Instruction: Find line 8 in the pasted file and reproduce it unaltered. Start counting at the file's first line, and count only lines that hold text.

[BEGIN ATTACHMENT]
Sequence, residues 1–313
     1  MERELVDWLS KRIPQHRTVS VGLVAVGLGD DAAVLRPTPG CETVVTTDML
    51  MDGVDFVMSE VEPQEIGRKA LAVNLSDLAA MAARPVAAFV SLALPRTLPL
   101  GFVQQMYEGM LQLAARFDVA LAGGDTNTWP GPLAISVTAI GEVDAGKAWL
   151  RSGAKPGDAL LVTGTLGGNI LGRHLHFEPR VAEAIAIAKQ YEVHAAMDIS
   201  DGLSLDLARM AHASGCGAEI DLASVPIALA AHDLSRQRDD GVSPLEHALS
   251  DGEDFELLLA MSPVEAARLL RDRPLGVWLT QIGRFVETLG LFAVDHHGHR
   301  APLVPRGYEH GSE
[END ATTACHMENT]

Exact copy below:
   301  APLVPRGYEH GSE